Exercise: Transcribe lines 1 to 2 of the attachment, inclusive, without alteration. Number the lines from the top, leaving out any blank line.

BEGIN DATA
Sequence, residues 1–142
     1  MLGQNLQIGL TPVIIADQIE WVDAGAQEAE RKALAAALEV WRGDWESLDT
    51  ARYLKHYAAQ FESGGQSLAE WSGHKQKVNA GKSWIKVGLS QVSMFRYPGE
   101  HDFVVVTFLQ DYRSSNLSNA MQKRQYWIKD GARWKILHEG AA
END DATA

Sequence, residues 1–142
     1  MLGQNLQIGL TPVIIADQIE WVDAGAQEAE RKALAAALEV WRGDWESLDT